8 Warning Symptoms Of Kidney Cancer And Risk Factors To Pay Attention To
June 18, 2018 11:15 By AliveTips
Cancer takes the lives of thousands of Americans every year. Most types of cancer start to show symptoms only at later stages when treatment may or may not work. Those who receive the diagnosis early are often lucky to undergo a successful treatment and go into remission with little chances of recurrence.
The disease is still not fully understood, and its causes aren't exactly clear. Kidneys, the natural filters of our body, can also be affected by cancer.
How common is kidney cancer?
Kidney cancer is one of the 10 most common types of cancer in both women and men. It’s estimated that 1 in 63 people will develop kidney cancer at some point in their lives. This type of cancer is rather rare in people younger than 45. In any case, you need to be very attentive to your body at any age. Also, check out other types of cancer that take the most lives.
There are some factors that increase your risk of the disease, some of which can be controlled. Like other types of cancer, the disease may show no symptoms until later stages. And, like other cancers, it can be successfully treated if found early.
The prognosis for kidney cancer patients depends on the stage and grade (aggressiveness) of the disease and overall condition of their health.
What are the symptoms of kidney cancer?
Kidney cancer often shows no noticeable signs and symptoms at its early stages. In fact, it’s often detected accidentally during imaging tests for other health problems.
If symptoms and signs of the disease are present, they may include the following:
- change of urine color to pink, red, or brown due to the presence of blood in it;
- persistent pain and/or pressure in the back or side;
- a mass or lump in the abdomen, side, or back;
- extreme tiredness;
- loss of appetite and unintended weight loss;
- fevers that come and go and aren’t due to an infection;
- anemia (lack of red blood cells in your blood);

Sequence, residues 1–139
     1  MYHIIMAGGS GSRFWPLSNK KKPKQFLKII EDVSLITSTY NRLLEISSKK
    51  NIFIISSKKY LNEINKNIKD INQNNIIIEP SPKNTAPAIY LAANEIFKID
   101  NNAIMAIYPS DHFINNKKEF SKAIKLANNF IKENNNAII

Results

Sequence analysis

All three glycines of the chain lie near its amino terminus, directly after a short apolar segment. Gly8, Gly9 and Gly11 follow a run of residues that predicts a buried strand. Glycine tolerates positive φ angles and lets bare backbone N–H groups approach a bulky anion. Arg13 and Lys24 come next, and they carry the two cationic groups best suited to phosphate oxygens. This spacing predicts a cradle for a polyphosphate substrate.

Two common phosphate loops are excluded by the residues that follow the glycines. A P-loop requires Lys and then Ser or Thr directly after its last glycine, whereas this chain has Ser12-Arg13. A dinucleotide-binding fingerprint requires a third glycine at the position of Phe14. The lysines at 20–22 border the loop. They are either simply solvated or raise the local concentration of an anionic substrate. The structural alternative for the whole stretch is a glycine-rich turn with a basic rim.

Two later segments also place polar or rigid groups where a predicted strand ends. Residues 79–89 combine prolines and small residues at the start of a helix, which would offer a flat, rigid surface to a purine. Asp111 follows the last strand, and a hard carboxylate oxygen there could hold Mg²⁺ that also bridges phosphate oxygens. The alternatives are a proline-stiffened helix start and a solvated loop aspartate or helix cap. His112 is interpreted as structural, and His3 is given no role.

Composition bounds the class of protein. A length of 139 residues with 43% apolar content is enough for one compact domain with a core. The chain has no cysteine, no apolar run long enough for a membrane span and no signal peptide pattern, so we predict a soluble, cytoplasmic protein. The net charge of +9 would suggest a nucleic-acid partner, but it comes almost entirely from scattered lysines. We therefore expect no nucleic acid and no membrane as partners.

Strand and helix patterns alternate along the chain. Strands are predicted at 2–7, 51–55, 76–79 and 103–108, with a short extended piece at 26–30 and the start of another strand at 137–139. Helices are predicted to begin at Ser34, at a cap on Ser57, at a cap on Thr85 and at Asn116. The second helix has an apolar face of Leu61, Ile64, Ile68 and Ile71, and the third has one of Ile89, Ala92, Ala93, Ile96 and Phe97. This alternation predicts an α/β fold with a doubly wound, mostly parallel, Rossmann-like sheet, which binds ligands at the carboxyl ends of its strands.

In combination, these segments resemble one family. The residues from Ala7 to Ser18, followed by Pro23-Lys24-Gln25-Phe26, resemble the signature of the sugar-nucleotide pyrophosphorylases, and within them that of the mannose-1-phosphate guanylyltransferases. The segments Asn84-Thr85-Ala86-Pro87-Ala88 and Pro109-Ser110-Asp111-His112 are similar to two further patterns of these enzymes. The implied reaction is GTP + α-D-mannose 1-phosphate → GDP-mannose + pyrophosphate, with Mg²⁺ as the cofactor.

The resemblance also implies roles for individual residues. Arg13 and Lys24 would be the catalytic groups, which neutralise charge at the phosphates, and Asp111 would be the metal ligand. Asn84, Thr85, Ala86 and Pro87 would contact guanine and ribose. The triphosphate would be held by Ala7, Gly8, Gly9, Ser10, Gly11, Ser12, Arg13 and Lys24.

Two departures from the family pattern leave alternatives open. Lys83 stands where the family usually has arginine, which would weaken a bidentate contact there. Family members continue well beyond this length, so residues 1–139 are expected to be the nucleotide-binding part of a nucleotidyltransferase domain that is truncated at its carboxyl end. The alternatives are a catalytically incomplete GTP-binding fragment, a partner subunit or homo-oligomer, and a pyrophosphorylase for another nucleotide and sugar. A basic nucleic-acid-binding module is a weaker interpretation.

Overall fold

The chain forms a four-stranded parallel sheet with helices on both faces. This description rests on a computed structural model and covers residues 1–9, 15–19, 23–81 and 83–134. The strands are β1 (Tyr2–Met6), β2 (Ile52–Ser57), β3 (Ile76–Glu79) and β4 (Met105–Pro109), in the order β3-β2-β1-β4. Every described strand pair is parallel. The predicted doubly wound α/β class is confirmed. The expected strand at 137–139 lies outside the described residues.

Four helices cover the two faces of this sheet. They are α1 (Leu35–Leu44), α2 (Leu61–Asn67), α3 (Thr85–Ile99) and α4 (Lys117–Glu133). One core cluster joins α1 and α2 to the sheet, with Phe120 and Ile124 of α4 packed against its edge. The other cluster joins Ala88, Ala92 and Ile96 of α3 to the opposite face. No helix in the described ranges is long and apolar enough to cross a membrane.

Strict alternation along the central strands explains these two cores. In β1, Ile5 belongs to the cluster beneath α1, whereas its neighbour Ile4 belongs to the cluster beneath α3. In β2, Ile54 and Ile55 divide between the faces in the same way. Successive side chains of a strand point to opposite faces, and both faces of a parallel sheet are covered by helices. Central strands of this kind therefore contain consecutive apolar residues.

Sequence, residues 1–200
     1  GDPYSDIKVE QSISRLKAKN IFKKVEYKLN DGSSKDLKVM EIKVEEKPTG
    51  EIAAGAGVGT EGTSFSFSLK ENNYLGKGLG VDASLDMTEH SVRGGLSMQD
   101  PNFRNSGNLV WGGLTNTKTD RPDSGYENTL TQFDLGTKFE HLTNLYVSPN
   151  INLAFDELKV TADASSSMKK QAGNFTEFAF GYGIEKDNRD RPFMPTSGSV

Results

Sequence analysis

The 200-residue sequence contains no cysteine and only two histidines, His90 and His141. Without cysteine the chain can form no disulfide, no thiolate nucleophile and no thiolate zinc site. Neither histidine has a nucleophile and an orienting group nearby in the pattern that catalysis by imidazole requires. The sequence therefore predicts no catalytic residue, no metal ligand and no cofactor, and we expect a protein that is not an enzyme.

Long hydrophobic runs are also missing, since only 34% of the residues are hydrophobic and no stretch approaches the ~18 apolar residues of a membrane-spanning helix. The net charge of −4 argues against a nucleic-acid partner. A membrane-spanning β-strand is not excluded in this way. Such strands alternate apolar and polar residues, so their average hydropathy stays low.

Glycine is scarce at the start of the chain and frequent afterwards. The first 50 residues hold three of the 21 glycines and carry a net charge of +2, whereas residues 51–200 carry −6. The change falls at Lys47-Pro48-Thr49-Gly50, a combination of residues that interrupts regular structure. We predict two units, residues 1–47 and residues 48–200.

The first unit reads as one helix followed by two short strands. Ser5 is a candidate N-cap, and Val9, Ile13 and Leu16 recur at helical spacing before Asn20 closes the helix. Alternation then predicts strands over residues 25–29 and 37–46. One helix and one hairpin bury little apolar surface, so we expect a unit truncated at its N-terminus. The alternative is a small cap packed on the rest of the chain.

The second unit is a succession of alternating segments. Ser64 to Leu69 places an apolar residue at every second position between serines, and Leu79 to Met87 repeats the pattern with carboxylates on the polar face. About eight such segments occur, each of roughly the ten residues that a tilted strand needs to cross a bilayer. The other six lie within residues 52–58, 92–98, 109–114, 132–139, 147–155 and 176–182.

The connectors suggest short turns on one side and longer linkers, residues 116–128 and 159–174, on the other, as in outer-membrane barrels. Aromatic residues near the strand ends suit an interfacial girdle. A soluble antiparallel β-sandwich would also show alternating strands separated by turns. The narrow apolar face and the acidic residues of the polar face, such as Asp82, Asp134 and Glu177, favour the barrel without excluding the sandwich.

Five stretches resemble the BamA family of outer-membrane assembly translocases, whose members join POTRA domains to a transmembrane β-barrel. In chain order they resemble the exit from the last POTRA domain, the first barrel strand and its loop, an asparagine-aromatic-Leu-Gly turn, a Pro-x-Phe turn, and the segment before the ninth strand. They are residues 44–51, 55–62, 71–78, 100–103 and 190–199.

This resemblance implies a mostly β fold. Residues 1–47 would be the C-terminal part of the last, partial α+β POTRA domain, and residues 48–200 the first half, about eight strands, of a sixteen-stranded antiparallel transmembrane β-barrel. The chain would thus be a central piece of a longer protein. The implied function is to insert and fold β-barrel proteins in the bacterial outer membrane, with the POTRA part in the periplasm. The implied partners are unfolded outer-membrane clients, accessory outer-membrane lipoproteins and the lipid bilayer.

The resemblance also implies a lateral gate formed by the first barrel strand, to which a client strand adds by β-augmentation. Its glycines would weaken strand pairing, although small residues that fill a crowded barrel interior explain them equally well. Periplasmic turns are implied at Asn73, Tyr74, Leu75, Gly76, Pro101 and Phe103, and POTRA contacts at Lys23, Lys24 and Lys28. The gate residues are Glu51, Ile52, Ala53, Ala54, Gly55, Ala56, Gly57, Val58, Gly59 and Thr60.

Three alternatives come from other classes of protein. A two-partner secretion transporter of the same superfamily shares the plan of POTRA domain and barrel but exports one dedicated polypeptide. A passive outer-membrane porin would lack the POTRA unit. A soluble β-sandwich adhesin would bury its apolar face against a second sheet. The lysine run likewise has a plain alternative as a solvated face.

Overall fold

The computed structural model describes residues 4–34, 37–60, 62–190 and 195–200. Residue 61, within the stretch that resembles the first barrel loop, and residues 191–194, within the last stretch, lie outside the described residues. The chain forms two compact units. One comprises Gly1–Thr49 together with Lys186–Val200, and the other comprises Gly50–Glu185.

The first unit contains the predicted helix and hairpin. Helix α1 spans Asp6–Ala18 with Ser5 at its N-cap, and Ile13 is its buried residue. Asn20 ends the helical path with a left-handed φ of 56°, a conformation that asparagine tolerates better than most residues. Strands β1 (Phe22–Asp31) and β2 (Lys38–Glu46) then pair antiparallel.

- swollen ankles and legs.
People with kidney cancer don’t necessarily have all of these symptoms. But if you have them, don’t hesitate to make a visit to your doctor to find out their cause.
What are the factors that increase the risk of kidney cancer?
There are certain external and internal factors that put you at a higher risk of kidney cancer. They include:
- Older age. The disease is most commonly diagnosed in people older than 60.
- Smoking nearly doubles the risk of kidney cancer.
- Gender. Men are twice as likely as women to develop the disease.
- Obesity. Hormone imbalance in people with extra weight increases their risk.
- High blood pressure. It’s unclear if high blood pressure itself contributes to a higher risk, or medicines used to control it are to blame.
- Skin color. Although it’s unclear why, but people with dark skin color are at a higher risk than Caucasians.
- Family history. If your close blood relative, especially brother or sister, has or had kidney cancer, you’re more likely to get it too.
- Some inherited syndromes, which include von Hippel-Lindau disease, Birt-Hogg-Dube syndrome, tuberous sclerosis complex, and hereditary papillary renal cell carcinoma.
- Dialysis. People who have been on dialysis for a prolonged period of time are at an increased risk of the disease.
- Exposure to certain chemicals. These harmful substances include cadmium, asbestos, benzene, organic solvents, and some herbicides.
Is there a way to prevent kidney cancer?
Because causes of kidney cancer aren’t clear, the ways to prevent it aren’t evident as well. All you can do is to manage controllable risk factors and have regular medical check-ups that may help detect the disease early. If you are at a higher risk, ask your doctor whether you need extra tests and how often you need them.
This article is purely for informational purposes. Do not self-medicate, and in all cases consult a certified healthcare professional before using any information presented in the article. The editorial board does not guarantee any results and does not bear any responsibility for harm that may result from using the information stated in the article.